Alameda County elected officials and business leaders met with a Chinese contingent this week to explore options involving the New United Motor Manufacturing Inc. plant in Fremont.
The high-ranking delegation from China included political officials, planners and business heads, and were looking at potential new manufacturing operations for the plant if Toyota leaves — which it is expected to next March.
"When the delegation left, they did say they looked forward to continued dialogue concerning the facility," said Alameda County Supervisor Keith Carson.
Carson declined to divulge specifics about the talks which occurred Tuesday, but said conversations with this group had been going on for months and the meeting had been set up for two weeks. Carson described the talks as substantive and in-depth, however, he cautioned nothing is imminent.
Carson, who chairs the East Bay Economic Development Alliance, added that some of the Chinese business leaders represented industries that could use the current NUMMI facility in some capacity.
The nine-member Chinese delegation only had a short amount of time with elected county officials, because county supervisors were in the middle of a hearing to appoint a new district attorney to replace Tom Orloff, who suddenly announced his retirement last week.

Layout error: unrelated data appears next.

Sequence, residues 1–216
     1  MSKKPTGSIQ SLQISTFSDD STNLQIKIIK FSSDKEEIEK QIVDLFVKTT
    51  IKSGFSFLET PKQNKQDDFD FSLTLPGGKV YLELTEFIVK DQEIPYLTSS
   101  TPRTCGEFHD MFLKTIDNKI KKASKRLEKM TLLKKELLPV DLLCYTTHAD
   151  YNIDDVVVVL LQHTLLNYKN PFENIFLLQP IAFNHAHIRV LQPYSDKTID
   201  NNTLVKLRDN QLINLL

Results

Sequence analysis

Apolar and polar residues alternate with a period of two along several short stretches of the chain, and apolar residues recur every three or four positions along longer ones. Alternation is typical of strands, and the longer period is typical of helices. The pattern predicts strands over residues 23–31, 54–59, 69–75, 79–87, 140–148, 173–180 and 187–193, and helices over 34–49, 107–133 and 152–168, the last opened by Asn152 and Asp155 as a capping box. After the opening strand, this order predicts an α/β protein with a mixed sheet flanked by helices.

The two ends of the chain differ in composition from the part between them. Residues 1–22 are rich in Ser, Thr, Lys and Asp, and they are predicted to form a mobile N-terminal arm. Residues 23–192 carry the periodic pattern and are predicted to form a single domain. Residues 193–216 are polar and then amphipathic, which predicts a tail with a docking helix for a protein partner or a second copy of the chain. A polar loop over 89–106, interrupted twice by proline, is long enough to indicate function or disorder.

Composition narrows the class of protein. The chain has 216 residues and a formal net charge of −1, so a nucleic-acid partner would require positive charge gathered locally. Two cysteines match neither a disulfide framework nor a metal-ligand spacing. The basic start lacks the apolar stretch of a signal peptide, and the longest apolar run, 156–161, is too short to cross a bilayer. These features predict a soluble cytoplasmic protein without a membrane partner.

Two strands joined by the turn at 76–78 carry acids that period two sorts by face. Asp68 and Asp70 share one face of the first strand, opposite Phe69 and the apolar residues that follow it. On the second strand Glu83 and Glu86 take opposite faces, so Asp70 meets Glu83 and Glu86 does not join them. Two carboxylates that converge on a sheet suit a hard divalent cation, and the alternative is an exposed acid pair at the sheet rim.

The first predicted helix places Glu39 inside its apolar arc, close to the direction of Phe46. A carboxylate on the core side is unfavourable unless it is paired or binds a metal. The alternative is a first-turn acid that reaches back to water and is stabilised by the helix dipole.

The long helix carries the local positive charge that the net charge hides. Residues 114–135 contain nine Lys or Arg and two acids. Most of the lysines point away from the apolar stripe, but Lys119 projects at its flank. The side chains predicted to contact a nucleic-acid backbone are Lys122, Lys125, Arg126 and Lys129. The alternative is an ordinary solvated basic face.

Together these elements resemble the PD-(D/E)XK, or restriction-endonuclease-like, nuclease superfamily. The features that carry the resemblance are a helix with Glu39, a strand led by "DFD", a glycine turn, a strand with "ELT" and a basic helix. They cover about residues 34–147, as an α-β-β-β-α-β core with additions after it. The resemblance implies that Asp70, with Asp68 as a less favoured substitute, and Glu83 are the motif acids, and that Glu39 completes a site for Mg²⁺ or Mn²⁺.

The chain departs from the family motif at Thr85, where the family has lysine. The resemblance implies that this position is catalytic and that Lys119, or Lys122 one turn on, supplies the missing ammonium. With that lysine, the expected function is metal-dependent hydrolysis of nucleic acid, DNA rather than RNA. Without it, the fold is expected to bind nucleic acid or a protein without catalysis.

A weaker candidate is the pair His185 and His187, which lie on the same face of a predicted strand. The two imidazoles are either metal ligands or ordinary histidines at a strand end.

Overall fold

"That was unfortunate timing, it really was, but there was nothing we could do," Carson said.
The meeting is the latest attempt by county officials and business people to save the plant or place a new business in the facility. In July, the county announced it had helped create a "red team" of local and state officials to prepare a proposal to retain NUMMI and had appointed Jon Kaji, former California trade representative to Japan, to assist with those efforts.
Carson said while those efforts were going on, the county and others started conversations with various foreign groups to gauge interest in keeping the plant alive in some form while creating jobs.
NUMMI is a joint venture between General Motors and Toyota, but rumors of its closure have swirled since the beginning of this year. Finally in June, GM announced it was ending its partnership in the plant. Toyota then announced last month it will not order any vehicles from the auto plant after next March.
The plant, which currently is producing Toyota vehicles, employs roughly 4,700 workers.